HAMPTON, Ga. -- NASCAR Xfinity Series driver Josh Williams made the highlight reel during Saturday's race at Atlanta Motor Speedway by parking his car at the start/finish line under caution, climbing out and walking away while waving to the crowd. The incident happened after debris from Williams' car brought out another caution in a first stage riddled with yellow flags.
Williams' car was damaged on Lap 27, when he was collected in a crash that involved Kyle Weatherman and Jeb Burton that caused major damage to his right front fender. Williams' team attempted to repair the damage to keep their car running, but the repair job did not hold when the green flag came out again, with debris falling off Williams' car on the front stretch and bringing out the fourth caution of the race on Lap 33.
NASCAR then ordered Williams to bring his car to the garage and park it for extending the caution period. So Williams, rather than drive back to the pits, stopped on-track, climbed out of the cockpit and flashed a peace sign to the crowd as he walked across the infield grass and back to pit road.
Josh Williams parked it ... literally ... on the start-finish line. pic.twitter.com/e42EV2u21g— FOX: NASCAR (@NASCARONFOX) March 18, 2023
Williams was whisked away to the infield car center and then summoned to the NASCAR hauler to meet with officials. Speaking with safety workers, Williams was obviously unhappy with the penalty that had been called while also taking a defiant tone toward discipline -- likely to be assessed by NASCAR Xfinity Series director Wayne Auton.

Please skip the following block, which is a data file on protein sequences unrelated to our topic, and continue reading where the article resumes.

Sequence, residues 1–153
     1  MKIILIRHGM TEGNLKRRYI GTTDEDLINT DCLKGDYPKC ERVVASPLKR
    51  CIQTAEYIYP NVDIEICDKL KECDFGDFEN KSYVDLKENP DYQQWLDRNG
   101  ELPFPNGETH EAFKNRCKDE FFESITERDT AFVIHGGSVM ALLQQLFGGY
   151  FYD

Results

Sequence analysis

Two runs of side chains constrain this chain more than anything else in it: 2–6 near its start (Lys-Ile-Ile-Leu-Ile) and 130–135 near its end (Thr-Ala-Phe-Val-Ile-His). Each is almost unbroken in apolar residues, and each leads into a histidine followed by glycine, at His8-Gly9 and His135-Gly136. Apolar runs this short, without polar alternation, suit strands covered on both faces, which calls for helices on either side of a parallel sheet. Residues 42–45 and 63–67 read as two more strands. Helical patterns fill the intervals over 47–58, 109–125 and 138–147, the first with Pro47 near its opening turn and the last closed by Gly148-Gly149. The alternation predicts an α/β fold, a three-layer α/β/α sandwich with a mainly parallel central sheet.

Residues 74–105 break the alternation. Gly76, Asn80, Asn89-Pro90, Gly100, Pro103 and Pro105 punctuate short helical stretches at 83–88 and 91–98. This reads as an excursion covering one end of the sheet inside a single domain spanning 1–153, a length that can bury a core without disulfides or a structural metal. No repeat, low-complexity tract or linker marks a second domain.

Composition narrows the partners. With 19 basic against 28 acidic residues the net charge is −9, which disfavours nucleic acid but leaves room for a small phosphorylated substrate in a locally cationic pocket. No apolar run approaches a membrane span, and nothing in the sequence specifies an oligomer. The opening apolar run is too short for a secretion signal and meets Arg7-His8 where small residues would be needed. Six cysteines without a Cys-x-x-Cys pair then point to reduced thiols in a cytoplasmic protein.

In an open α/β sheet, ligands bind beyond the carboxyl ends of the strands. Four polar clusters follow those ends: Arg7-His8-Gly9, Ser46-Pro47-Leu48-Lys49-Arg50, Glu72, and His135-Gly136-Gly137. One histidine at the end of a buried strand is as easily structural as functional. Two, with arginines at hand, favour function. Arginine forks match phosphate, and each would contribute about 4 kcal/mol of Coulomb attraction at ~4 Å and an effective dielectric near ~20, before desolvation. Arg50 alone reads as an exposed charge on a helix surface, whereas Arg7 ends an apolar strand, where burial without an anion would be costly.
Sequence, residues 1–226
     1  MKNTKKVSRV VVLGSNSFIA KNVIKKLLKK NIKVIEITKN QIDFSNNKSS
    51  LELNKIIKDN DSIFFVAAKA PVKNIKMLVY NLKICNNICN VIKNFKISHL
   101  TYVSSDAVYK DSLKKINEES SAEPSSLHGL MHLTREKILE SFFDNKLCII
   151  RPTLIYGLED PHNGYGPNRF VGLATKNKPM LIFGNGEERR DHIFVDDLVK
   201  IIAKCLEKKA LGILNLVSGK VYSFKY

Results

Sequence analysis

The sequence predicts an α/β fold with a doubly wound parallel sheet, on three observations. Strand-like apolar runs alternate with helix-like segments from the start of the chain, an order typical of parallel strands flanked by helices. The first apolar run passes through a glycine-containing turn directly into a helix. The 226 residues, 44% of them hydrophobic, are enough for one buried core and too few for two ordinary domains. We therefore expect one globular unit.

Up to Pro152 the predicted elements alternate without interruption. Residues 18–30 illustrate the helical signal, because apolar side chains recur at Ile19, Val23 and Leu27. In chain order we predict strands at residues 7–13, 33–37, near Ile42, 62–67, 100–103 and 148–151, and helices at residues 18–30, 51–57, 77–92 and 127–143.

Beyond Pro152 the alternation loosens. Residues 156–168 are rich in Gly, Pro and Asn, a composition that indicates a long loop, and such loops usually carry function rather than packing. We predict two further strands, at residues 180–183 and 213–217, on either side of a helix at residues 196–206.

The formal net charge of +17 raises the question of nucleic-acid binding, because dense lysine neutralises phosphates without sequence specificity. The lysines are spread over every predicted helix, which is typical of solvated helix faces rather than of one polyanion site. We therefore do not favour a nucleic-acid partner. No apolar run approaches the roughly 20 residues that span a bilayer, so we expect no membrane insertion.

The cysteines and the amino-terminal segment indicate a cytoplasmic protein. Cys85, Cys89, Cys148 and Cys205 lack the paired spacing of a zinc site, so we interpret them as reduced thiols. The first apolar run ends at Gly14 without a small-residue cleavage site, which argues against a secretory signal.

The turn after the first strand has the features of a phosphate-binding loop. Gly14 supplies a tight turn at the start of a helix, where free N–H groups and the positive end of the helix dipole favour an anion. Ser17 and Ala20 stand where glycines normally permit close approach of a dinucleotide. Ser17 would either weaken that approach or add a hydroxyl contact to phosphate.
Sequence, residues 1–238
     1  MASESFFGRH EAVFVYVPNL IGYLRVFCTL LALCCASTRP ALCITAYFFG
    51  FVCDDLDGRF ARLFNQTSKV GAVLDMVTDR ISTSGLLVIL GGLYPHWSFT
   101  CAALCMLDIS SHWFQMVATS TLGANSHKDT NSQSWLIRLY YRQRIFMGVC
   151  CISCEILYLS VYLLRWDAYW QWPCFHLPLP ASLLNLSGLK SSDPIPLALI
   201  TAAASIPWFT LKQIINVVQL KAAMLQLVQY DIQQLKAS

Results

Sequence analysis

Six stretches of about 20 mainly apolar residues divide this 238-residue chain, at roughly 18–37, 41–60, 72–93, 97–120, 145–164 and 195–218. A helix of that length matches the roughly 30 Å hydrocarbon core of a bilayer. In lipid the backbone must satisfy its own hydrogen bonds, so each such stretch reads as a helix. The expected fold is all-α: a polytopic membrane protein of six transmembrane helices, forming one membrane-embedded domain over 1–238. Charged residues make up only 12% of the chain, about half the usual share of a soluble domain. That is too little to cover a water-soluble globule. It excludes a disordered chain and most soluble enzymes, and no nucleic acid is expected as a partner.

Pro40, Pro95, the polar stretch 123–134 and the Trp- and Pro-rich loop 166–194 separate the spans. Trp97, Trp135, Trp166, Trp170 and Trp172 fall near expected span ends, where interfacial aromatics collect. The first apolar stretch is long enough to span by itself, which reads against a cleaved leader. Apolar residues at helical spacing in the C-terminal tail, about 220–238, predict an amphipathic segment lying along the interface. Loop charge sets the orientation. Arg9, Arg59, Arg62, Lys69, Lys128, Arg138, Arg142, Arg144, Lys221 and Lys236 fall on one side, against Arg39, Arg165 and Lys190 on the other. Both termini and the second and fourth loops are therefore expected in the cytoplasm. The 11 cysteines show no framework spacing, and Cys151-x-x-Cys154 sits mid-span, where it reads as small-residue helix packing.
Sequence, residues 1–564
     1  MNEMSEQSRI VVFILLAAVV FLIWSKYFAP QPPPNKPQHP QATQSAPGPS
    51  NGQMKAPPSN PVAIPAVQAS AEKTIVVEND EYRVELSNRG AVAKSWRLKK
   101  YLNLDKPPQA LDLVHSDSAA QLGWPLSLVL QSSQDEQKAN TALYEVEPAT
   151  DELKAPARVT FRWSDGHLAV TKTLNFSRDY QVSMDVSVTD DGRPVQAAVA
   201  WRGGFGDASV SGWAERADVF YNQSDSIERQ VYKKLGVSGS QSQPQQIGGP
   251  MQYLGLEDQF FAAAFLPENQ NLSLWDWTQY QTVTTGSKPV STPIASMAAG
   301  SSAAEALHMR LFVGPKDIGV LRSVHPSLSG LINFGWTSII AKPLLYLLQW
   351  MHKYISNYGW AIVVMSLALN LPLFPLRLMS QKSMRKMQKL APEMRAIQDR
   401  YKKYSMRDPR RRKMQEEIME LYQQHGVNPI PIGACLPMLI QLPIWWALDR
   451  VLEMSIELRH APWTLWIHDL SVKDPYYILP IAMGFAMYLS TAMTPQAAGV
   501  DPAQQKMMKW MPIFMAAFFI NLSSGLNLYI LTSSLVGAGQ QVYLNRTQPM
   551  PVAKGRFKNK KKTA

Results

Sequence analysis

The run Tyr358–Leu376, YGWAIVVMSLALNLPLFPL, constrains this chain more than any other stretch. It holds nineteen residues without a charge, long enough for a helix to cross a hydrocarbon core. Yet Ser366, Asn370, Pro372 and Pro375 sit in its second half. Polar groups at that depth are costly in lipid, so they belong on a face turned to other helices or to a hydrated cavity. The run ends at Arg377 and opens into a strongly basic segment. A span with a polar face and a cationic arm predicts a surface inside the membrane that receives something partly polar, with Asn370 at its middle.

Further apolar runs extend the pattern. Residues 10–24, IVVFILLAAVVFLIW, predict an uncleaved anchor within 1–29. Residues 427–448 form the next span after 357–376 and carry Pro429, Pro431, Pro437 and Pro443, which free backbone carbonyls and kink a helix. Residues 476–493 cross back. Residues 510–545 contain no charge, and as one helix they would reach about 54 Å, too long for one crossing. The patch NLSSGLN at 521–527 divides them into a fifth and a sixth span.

"I don't care. What's he gonna do, fine me?" Williams asked. "I can't afford to pay it."
Williams was then made to wait in the NASCAR Xfinity Series officials' hauler until after the race, where he spoke to Auton for a considerable time. Afterwards, Williams spoke to reporters to explain the incident from his point of view.
Josh Williams told reporters that whatever penalties NASCAR assesses to him is up to them. Says he was shocked that NASCAR parked him so quickly and felt their decision was unfair.— Steven Taranto (@STaranto92) March 19, 2023
Williams had to wait in the NASCAR hauler until after the race to speak to Wayne Auton pic.twitter.com/slbml20xwW
"We all work really hard, right? And to only run X amount of laps and then have something like a piece of bearbond fall off and put us out of the race, it's really frustrating," Williams said. "(We're a) small team, we work really hard and we've got to make our sponsors happy, right? It doesn't do you any good sitting in the garage. But it is what it is."
Williams, an Xfinity Series veteran from Port Charlotte, Fla., races full-time for DGM Racing and entered Saturday's race 22nd in points. Williams admitted that he was shocked at how quickly he was parked by NASCAR after the debris fell off, but he made note of both his respect for Wayne Auton as well as the fact that what he was penalized for is present in the NASCAR rulebook.
As of the end of Saturday's race, Williams was uncertain of any future discipline by NASCAR, such as potential fines or a suspension.
The incident involving WIlliams was the highlight of what was an incredibly sloppy first half of Saturday's Raptor Tough 250, as the yellow flag flew nine times in the first 78 laps, and at one point there were no green flag runs lasting longer than nine laps. Things would calm down in the second half of the race before an exciting finish, as Austin Hill held off Parker Kligerman and Daniel Hemric to score his second straight win at Atlanta and his third win in five races to start 2023.